Suzuki Samurai

The Suzuki Samurai Essential History

By Aaron GoldMotorTrend

The Samurai was the first four-wheeled vehicle Suzuki sold in the U.S., but its history begins nearly 20 years before the plucky little 4×4 made its way across the Pacific. In 1968, Japan’s Hope Motor Company introduced a small kei-class 4×4 with a 359cc Mitsubishi engine called the ON360. Suzuki bought Hope and developed the ON360 into the 1970 LJ10 (“Light Jeep”), also known as the Jimny.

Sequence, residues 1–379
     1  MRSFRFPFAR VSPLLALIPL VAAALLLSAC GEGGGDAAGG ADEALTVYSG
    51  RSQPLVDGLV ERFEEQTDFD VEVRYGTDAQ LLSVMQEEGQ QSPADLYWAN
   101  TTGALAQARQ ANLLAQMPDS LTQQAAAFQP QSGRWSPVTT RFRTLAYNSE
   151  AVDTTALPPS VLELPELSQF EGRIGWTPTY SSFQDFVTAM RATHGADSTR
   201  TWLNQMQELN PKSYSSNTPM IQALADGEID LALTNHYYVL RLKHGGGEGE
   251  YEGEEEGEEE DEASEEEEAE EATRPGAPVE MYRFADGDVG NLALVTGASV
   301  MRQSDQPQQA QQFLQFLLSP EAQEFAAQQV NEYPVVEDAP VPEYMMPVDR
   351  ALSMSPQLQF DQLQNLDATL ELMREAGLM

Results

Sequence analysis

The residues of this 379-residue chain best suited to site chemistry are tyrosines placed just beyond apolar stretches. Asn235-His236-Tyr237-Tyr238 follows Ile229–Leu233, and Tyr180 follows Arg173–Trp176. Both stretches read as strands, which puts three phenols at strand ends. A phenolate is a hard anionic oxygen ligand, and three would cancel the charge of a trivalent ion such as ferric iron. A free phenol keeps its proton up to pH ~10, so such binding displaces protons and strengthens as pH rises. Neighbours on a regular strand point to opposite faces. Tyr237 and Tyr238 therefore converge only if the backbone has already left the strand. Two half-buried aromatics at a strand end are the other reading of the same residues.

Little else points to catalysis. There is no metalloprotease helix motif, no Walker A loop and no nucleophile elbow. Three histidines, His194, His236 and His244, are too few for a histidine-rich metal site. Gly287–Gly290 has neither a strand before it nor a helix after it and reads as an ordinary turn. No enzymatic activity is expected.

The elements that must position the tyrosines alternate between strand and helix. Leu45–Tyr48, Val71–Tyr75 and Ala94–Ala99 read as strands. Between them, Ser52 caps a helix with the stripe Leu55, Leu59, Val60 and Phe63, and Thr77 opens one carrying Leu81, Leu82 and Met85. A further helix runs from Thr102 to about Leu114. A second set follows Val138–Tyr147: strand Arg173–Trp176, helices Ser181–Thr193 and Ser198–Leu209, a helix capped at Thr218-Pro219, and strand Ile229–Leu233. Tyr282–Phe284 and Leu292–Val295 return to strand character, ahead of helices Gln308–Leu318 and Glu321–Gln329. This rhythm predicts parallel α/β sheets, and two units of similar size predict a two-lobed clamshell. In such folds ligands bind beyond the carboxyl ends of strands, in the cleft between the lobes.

Suzuki introduced the second-generation Jimny in 1981, and in 1985 it began exporting the Jimny to the U.S. as a 1986 model. Badged as the Samurai, the U.S. version had a carbureted 1.3-liter overhead-cam four-cylinder delivering 63 horsepower and 74-lb-ft of torque. It was noisy and slow—MotorTrend clocked it to 60 mph in 16.9 seconds, with a quarter-mile time of 20.47 seconds at 64.5 mph—but good fun around town, and off-road it was nearly unstoppable, with its primary limitation being its street-spec tires. Manual-locking front hubs were standard, with auto-lockers available as a dealer-installed option.

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